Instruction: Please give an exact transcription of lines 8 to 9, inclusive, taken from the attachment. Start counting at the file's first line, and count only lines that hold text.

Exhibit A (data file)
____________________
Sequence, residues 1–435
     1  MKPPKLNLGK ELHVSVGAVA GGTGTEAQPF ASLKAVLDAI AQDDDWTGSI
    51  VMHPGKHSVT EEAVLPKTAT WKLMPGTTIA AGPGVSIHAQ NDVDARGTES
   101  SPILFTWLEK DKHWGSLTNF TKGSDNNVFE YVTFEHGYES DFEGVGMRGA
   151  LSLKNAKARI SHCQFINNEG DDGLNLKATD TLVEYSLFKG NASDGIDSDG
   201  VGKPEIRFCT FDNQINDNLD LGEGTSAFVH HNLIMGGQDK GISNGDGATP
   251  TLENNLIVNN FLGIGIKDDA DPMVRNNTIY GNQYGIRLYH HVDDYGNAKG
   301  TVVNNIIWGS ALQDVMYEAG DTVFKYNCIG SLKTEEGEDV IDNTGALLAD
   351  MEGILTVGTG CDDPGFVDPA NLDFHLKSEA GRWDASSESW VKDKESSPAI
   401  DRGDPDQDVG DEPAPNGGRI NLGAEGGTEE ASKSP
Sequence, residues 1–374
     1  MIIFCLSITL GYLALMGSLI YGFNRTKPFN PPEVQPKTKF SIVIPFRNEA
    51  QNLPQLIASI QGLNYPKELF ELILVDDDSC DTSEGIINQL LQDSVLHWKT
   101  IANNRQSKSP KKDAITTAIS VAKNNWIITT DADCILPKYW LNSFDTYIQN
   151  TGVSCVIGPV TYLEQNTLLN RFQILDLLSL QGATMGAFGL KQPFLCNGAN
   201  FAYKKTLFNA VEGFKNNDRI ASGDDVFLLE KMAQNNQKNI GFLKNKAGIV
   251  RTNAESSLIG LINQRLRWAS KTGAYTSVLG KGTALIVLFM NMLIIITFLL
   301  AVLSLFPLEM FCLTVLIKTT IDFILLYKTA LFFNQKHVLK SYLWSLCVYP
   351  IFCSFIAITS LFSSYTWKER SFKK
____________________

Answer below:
   301  TVVNNIIWGS ALQDVMYEAG DTVFKYNCIG SLKTEEGEDV IDNTGALLAD
   351  MEGILTVGTG CDDPGFVDPA NLDFHLKSEA GRWDASSESW VKDKESSPAI